“We’re not going to find out standing here,” Angel said and we began picking our way through the cactus again. I made quick work (compared to moving on the steep slopes of the hill) of the saddle and climbed up to the base of the spire. It was littered with fallen and broken rock. I looked up. The top of the spire was about thirty feet above me. Straight up.

So close, but yet so far.

At this point, Mike and Angel were about seventy five feet behind me.

“I’m going to take a look at the east side,” I called back to them. It had been a tough hike so far and I didn’t want to come up empty handed. I was determined to make it to the top.

As Cammie and I made our way around to the east side, we walked under an overhang. That’s when I heard the large boulder above me shift and I almost crapped my pants. Cat-dog and I made a hasty retreat back to the safer side of the spire’s base. As my heart began to return to a normal pace, I found that a large portion of my determination I had felt just a few minutes ago had evaporated, replaced with a much larger portion of fear.

I definitely wasn’t going to put Cat-dog in any more danger than I already had. And I wasn’t really keen on going back there myself.

Mike, the most able climber (and most fearless) of all of us, said, “You guys stay here. I’ll check it out and see if I can get to the top.”

Given that my legs still felt wobbly. I couldn’t think of a better plan, so I told him to be careful and took Cammie to a small section of shade where there was a good breeze. We sat in the shade and shared some cool water. Angel looked for interesting things in the piles of rocks at the base of the spire.

It seemed like only a few minutes before we heard Mike call from directly above us, “I made it up!”

Woohoo! Sometimes I think he’s part mountain goat.

Then he told us the bad news, “Cammie and Angel won’t be able to make it.”
His words didn’t surprise me however. He went on to explain that the ledge was very narrow and Angel’s fear of heights (which is greater than mine) would make it too much for her. She was disappointed, but I also think she was slightly relieved.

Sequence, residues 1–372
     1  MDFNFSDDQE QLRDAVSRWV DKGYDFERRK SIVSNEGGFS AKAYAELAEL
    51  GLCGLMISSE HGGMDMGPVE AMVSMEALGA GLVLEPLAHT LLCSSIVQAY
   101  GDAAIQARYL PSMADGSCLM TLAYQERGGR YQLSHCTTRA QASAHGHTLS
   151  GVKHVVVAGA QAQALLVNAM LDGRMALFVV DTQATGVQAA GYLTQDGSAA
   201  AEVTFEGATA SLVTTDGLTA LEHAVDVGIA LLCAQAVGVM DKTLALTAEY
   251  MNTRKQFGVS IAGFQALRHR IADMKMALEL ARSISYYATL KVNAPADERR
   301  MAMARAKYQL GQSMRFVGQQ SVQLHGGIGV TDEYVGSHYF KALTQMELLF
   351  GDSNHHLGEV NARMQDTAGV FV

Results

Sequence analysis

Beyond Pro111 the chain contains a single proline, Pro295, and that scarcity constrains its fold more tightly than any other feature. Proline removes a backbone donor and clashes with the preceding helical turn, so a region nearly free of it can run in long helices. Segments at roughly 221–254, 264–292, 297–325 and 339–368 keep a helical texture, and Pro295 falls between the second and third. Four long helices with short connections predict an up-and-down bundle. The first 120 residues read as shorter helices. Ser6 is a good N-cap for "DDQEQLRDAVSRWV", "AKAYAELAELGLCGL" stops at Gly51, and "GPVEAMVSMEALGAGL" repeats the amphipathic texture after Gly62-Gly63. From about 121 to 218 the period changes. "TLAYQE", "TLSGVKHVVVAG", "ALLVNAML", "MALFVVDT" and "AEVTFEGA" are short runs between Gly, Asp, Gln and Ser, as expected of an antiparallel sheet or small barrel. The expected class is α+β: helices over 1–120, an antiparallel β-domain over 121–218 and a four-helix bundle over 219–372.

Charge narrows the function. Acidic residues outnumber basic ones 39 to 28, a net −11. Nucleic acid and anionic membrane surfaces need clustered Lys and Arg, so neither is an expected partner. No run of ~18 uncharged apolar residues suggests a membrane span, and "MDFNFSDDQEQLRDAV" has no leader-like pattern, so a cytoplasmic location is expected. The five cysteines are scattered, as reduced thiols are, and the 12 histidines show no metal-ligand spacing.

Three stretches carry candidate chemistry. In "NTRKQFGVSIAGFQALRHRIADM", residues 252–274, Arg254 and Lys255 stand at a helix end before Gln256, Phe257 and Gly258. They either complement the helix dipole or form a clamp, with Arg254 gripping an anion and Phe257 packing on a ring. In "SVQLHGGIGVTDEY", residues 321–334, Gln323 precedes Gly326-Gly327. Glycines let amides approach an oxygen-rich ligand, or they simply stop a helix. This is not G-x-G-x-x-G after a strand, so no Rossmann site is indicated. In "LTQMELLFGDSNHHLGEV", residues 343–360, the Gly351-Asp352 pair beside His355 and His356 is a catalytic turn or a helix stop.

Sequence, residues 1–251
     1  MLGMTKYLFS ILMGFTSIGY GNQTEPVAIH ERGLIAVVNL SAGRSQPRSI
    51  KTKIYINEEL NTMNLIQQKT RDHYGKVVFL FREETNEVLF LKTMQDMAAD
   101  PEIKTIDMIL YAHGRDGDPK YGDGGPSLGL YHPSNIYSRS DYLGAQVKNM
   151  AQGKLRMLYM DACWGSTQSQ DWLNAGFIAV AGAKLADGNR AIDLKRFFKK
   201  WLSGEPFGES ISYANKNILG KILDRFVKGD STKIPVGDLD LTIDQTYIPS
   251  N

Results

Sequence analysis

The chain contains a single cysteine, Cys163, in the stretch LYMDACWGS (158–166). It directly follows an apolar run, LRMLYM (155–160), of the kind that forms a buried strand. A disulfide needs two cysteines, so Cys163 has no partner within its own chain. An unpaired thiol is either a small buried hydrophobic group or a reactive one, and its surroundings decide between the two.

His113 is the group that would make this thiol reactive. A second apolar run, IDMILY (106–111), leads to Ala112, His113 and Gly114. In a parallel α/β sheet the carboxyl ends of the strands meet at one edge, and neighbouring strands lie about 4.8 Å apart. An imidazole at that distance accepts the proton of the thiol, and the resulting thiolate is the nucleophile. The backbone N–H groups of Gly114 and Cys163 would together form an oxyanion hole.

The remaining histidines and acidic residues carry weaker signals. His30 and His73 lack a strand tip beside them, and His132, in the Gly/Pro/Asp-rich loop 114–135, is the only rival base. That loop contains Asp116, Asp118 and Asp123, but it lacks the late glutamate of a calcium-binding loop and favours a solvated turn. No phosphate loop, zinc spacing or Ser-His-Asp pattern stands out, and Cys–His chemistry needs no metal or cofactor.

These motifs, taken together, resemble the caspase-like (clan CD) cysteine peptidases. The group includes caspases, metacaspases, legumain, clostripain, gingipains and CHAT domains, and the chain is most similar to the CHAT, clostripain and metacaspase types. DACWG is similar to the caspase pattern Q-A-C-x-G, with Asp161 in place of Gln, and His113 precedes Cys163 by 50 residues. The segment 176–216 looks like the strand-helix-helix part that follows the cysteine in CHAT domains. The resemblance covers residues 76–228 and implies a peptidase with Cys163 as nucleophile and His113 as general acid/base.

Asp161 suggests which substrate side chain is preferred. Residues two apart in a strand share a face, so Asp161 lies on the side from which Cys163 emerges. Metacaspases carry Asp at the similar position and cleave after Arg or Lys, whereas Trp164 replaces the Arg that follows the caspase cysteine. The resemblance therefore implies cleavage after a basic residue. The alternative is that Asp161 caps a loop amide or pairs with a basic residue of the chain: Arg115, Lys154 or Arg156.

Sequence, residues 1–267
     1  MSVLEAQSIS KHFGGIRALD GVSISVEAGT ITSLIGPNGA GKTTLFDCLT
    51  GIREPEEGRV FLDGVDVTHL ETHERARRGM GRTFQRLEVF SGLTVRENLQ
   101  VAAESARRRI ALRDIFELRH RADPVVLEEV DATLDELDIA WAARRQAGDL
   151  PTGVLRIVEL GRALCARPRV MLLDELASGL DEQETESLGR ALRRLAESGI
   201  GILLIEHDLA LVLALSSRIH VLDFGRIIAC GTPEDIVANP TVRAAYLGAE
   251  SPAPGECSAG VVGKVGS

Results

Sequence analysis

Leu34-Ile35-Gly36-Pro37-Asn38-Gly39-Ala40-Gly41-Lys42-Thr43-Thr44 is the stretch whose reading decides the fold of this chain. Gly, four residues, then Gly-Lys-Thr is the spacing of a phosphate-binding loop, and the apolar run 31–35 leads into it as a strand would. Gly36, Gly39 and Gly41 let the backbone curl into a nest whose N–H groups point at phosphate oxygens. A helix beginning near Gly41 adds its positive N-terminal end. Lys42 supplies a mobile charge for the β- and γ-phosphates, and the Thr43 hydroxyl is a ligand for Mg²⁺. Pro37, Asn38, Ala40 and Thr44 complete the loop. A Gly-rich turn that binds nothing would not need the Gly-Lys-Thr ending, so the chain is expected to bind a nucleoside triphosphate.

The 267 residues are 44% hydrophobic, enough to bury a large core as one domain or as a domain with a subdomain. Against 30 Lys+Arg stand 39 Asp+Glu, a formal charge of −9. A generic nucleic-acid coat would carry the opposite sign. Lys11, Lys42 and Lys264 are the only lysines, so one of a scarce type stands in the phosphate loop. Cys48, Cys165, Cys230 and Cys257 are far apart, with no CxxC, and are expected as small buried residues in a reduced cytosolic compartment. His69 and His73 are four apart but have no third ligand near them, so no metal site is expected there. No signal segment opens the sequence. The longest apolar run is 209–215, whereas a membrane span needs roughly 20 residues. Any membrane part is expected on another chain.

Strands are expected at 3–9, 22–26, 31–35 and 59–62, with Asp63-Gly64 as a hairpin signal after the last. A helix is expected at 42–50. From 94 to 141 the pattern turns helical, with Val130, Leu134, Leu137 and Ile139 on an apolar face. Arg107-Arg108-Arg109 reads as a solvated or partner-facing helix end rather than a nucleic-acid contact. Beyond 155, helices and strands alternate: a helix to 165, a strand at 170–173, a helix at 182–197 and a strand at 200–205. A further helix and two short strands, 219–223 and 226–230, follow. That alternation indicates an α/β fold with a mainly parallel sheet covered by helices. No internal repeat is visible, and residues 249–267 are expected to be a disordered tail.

The good news was that Mike thought I could do it. I clicked Cammie’s leash on her and handed her over to Angel so she wouldn’t try to follow me. Mike said he was going to come back down to lead me up the path he’d taken. My own personal guide!

After Mike arrived, I carefully followed him past the spot that Cammie and I had almost been flattened on, my eyes and ears wide for any sound of death coming from above. Luckily, nothing moved.

We started up the spire. I took a quick glance to my left and felt my stomach tighten as I saw the ground angle sharply to the canyon floor 200 feet below. I knew if I let my fear of heights get to me I wouldn’t be able to make it. My determination kicked in again and I decided not to let it stop me today.

To keep going, I needed to concentrate on what was directly in front of me – which was Mike’s boots. I mentally put on a pair of horse blinders as I followed Mike up. I narrowed my field of view down to about 2 feet wide, ignoring what was on either side and put all my trust into Mike and where he was placing his feet.

It worked better than I could have imagined. Even when we had to scale along the side of a rock with not much more than a few inches of foothold for foot placement, I kept going. We passed a large saguaro seemingly able to grow right out of sheer rock and made a sharp turn into a crevice in the rock. A ten foot tree grew in the crevice. I could see the top of the spire about level with the top of the tree.